October 28, 2011

A Look inside Veteran’s Homelessness

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Today, HUD and VA jointly released the second annual Veteran’s Annual Homelessness Assessment Report (AHAR), which assesses the nation’s homeless veteran population. HUD and VA use this information in their work to end veteran’s homelessness through the Obama Administration’s Federal Strategic Plan, Opening Doors. Opening Doors is an unprecedented federal strategy to end veteran and chronic homelessness by 2015 and homelessness among children, families and youth by 2020.

Currently, an estimated one out of every six men and women in our nation’s homeless shelters are veterans, and veterans are 50 percent more likely to fall into homelessness compared to other Americans. This is unacceptable and we’re committed to fixing this problem. Nowhere is our obligation to our citizens, and to those who have defended our nation, more important, more visible, or more urgently necessary than in our commitment to end veteran homelessness.

The 2010 Vets AHAR found that since 2009 the number of homeless veterans at any given point in time has remained nearly steady at 76,329 veterans. Of that number, 57 percent (43,437) were “sheltered,” meaning they were living in an emergency shelter or in transitional housing; and 43 percent (32,892) were “unsheltered,” meaning they spent the night on the streets, abandoned building or encampments.

Since President Obama took office in 2009, veteran’s homelessness has decreased by 3 percent with 144,842 veterans being homeless for at least one night between October 2009 and September 2010 compared to 149,635 homeless vets during the previous year’s reporting period.  The Obama Administration also was able to streamline the methodology for counting homeless vets that receive assistance from both the VA and HUD’s Continuum of Care homeless service providers. Now with a more accurate number, both agencies are able to properly allocate funding to various programs that serve homeless vets in order to end homelessness by 2015.

Secretaries Donovan and Shinseki are working to end homelessness among our nation’s vets through a joint HUD and VA program specifically targeted to homeless veterans, HUD-VASH.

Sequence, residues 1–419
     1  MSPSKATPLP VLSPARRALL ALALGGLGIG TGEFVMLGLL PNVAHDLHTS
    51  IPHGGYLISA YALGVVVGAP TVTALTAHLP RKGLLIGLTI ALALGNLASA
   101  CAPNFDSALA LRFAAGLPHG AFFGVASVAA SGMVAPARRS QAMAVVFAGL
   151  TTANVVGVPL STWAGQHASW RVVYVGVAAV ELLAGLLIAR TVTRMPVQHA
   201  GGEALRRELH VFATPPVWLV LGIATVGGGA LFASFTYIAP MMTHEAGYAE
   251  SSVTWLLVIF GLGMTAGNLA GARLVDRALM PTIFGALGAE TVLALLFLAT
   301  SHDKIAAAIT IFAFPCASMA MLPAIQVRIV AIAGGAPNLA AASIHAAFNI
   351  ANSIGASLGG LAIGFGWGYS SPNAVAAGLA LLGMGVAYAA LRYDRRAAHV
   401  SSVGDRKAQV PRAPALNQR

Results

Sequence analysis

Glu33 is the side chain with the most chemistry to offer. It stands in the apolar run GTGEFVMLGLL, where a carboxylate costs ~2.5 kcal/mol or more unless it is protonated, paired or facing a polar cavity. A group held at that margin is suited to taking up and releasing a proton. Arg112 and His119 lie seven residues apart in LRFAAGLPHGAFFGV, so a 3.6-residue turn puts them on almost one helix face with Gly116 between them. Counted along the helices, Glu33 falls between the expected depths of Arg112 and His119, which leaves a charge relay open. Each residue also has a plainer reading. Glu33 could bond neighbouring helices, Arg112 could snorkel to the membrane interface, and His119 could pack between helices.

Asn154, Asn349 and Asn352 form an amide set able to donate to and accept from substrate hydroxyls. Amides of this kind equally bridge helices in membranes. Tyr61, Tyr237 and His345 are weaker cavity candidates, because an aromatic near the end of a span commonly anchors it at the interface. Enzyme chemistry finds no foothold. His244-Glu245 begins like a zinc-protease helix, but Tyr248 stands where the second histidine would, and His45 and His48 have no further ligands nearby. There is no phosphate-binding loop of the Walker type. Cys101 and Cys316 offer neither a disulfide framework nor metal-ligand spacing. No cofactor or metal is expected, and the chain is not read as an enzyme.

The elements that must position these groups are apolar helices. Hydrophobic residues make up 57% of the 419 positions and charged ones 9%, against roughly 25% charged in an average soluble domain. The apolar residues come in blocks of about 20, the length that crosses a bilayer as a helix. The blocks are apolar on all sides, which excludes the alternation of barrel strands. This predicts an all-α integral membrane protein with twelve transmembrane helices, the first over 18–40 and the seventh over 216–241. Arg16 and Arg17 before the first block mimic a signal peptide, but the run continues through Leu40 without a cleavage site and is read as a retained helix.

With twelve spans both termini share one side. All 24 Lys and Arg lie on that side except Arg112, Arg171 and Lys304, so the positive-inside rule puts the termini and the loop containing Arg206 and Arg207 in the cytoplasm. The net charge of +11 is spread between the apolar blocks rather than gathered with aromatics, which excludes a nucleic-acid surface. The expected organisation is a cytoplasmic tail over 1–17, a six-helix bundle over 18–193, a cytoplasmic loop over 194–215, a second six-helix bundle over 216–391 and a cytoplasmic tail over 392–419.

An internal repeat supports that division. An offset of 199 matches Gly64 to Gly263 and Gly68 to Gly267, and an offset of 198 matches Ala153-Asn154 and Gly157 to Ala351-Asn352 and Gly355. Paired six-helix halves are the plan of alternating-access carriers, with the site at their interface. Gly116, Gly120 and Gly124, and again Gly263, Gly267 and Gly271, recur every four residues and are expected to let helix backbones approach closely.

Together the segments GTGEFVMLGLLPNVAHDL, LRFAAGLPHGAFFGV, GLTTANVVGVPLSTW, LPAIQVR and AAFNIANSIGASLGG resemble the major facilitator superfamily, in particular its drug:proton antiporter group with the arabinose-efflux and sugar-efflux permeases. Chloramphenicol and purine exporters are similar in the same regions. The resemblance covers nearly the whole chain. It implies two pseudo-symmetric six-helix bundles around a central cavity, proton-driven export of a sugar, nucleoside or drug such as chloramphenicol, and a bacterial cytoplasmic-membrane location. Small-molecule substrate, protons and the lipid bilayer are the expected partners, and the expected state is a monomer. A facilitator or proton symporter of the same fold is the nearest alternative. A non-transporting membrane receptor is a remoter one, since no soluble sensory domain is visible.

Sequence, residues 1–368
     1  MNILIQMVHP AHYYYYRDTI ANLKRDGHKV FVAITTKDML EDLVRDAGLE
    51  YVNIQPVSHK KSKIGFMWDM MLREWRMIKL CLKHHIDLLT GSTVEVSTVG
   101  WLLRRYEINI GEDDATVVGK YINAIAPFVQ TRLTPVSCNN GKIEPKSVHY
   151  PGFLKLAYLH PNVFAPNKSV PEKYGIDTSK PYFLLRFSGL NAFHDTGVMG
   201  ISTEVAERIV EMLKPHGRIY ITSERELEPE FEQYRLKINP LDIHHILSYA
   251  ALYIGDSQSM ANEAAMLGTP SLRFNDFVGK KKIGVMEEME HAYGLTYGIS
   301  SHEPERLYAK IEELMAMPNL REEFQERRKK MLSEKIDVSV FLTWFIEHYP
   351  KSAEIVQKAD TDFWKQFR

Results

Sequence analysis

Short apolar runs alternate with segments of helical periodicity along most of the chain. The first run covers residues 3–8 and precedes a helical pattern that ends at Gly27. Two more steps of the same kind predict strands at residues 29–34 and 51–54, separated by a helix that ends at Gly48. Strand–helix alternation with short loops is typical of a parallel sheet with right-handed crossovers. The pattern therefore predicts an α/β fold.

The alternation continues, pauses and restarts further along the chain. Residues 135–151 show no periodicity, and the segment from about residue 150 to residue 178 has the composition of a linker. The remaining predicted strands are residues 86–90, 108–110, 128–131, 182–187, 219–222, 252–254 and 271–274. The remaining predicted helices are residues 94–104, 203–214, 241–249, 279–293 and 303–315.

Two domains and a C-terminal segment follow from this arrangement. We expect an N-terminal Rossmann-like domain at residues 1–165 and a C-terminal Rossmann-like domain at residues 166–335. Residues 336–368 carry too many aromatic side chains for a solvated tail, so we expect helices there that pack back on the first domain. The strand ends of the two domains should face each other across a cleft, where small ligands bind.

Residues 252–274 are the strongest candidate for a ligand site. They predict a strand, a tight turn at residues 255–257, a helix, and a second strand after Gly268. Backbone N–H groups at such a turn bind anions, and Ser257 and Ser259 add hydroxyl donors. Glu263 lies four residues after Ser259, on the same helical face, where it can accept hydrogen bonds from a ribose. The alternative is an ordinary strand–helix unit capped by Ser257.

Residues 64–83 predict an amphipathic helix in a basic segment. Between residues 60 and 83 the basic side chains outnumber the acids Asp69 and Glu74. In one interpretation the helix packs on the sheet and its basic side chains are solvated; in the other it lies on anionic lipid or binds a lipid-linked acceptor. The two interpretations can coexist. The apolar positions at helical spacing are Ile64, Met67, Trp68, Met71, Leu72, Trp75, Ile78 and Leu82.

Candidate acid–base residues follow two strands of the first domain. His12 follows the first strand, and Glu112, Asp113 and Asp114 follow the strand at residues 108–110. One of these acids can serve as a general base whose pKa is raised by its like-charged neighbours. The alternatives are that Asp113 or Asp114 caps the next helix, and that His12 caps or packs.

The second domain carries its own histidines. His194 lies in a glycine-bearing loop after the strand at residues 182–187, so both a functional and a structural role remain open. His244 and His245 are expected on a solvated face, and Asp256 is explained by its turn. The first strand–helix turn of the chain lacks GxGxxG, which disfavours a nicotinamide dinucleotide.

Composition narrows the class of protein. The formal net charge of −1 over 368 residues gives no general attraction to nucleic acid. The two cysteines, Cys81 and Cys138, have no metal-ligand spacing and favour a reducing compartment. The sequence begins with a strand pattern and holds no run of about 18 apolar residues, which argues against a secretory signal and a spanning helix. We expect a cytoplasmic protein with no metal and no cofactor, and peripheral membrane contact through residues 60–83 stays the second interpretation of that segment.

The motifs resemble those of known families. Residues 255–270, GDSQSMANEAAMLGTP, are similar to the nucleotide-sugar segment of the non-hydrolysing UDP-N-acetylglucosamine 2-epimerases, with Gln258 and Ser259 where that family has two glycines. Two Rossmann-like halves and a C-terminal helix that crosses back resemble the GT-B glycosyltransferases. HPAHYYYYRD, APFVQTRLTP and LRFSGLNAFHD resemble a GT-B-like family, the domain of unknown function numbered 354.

To date, HUD is working to provide housing and supportive service for approximately 30,000 veterans who would otherwise be homeless were it not for the HUD-Veterans Affairs Supportive Housing (HUD-VASH) Program. Homelessness has also ended or been prevented for more than one million people through the Homelessness Prevention and Rapid Re-housing Program, which awarded $1.5 billion to states, cities and counties across the country to keep families and veterans in their homes or help them find other affordable housing after a sudden financial crisis.

When we set the goal to end veteran’s homelessness, we knew that while challenging, ending homelessness among veterans is an important obligation to the people who have defended our nation. Although in today’s tough economic climate additional challenges have presented themselves, we are confident that – working with Congress – we will be able to meet this goal in 2015.  

Visit HUD’s website to read the 2010 Veterans Annual Homelessness Assessment Report Fact Sheet.

2 Responses to A Look inside Veteran’s Homelessness

  1. Pingback: When Johnny comes marching home to homelessness: HUD VA Report Released | Desert Beacon

  2. In Dallas group homes are a big thing for veterans whom a homeless and have medical needs. They go into the VA and let a caseworker know that they are homeless and they are contacting the group homes. The homes are providing a safe place, meals, medical and companionship as well. they have 24 hour supervision, but they are meeting resistance in the neighborhoods because they have issues and they are not wanting them there. But unless you show them that they are people too and that they are wanted people then you are going to continue to have homelessness.

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